Most sellers look to their listing agent or a professional home stager for guidance on how to spruce up their home to appeal to potential buyers… But they don’t always like what they hear, especially if it means spending money. The concept of home staging can be off putting to those who confuse it with interior design.
When it comes down to it, there are four major differences between home staging and interior design.
1. Audience: General Buyer vs. Specific Owner
One of the most important distinctions between home staging and interior design is the intended audience.
Home staging is meant to appeal to as many potential buyers as possible. Interior design, on the other hand, answers to the specific aesthetics of an individual or family.
For example, where an interior designer may recommend a bright, bold wallpaper in a child’s bedroom to personalize their comfortable space, a professional home stager will opt for neutral paint colors to appeal to more buyers.
2. Decision Maker: Professional Home Stager vs. Owner
Another key difference between professional home staging and interior design is who makes the design decisions.
An interior designer works to please the homeowner and the homeowner ultimately approves all final decisions. When it comes to home staging, it’s the professional stager who makes the calls.
Frequently we are asked if clients can pick and choose from inventory. In short, no. A typical seller response: “You mean I’m paying for staging and I don’t get to choose my sofa?” Correct! Because remember, you are not purchasing a sofa. You are hiring a professional who 1) has experience in design and layout, 2) understands the competitive real estate environment and 3) follows current trends that appeal to the target buyer in order to create a quick and profitable sale of the property.
Homeowner detachment is an important part of the home selling process and can be incredibly challenging for sellers. Going into the process, it’s important to educate sellers and encourage them to change their thinking: We are working together to market a property for sale, not decorate your personal home for everyday life.
For example, a home stager will replace a worn-out recliner with fresh, modern furnishings that appeal to buyer aspirations. An interior designer will incorporate the recliner into the overall design if the homeowner insists on keeping it for comfort.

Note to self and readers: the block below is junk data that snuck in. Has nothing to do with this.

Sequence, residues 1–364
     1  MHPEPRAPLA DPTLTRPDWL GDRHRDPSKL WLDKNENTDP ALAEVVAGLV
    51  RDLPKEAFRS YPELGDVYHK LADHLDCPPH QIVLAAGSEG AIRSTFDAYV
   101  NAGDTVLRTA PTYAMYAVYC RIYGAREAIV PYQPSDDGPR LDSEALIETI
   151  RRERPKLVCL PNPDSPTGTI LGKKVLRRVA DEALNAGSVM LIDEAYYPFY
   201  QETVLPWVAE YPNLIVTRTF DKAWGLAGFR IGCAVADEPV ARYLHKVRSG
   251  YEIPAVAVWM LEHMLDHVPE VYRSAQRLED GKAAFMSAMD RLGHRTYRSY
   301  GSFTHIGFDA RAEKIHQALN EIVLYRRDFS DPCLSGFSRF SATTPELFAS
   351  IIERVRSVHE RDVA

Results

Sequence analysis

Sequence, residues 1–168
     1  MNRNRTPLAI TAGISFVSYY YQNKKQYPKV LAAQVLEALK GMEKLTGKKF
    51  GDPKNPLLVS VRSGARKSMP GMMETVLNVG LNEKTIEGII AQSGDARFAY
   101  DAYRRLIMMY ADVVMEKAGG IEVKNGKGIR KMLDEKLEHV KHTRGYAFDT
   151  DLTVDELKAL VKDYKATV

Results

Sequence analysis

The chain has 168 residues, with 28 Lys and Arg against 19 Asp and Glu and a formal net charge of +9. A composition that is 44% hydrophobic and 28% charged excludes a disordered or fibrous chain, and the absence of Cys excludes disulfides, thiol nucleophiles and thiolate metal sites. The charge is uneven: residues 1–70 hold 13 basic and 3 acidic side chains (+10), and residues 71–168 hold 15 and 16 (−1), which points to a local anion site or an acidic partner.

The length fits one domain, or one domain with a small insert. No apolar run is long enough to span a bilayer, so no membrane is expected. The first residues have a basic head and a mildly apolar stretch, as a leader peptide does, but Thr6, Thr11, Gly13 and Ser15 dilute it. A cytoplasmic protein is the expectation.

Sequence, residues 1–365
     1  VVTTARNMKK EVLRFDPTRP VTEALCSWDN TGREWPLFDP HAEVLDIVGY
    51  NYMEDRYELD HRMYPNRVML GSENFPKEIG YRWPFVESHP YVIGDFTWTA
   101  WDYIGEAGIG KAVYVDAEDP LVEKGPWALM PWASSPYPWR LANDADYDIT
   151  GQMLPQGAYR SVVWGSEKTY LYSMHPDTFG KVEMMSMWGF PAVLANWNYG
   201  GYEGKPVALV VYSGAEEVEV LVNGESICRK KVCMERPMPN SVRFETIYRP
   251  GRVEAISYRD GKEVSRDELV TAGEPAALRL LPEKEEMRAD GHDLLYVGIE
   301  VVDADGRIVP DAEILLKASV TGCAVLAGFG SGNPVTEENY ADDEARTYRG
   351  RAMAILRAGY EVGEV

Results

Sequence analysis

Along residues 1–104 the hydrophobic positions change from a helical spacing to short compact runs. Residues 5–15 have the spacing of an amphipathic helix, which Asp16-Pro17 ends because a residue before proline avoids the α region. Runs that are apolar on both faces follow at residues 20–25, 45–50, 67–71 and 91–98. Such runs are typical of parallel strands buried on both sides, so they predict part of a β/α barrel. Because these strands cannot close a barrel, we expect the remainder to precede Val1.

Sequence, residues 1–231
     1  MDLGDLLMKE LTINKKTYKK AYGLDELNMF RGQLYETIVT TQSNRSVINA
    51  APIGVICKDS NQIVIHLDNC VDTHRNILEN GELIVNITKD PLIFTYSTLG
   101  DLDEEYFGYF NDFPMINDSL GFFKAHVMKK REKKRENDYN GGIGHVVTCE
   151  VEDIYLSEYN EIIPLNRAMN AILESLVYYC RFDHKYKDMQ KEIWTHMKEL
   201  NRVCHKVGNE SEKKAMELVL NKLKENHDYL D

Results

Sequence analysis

3. Focus: Asset Merchandising vs. Personal Lifestyle Functioning
While both home stagers and interior designers enhance the aesthetics of the property, they each do so with a different approach and end goal in mind. The home stager is an asset merchandiser who approaches the property as a commodity for sale. This requires an understanding of the science of design and layout, the competitive real estate environment and current trends that appeal to the target buyer. The ultimate goal of the home stager is the quick and profitable sale of the home.
In contrast, the interior designer incorporates specific functional and lifestyle needs in order to create a comfortable and aesthetically pleasing living space that suits the particular needs of the homeowner.
For example, a home stager might decide to present a bonus room as a multifunctional family space due to the home’s location in an area known for great schools. An interior designer will turn that same space into an exercise room, art studio or man cave, depending on the homeowner’s wishes.
4. Speed: Days vs. Weeks or Months or even Years
Real estate staging takes significantly less time than interior design for two distinct reasons:
By the time the professional real estate stagers enter the home, their process is in motion. They have already gathered the information (market research, current trends, neighborhood demographics) required to get started. The interior design process, on-the-other-hand involves a step-by-step decision-making process that often requires homeowner approval for each detail along the way.
Well-established professional staging companies typically have their own inventory of the materials and furnishings needed to create an inviting space that appeals to target buyers. Interior designers have to spend time researching and shopping for furnishings and finishes based on homeowner preferences and waiting for ordered items to arrive. Many items are back ordered for months.
Simply put, home stagers work quickly to prepare the property for sale, and interior designers take their time to make a house a home. For example, a professional, efficient real estate staging teams typically require two week’s notice to get on the calendar and require 4-6 hours to stage a vacant 4-bedroom home that’s otherwise move-in ready, while professional interior design projects might need months to years depending on the project requirement.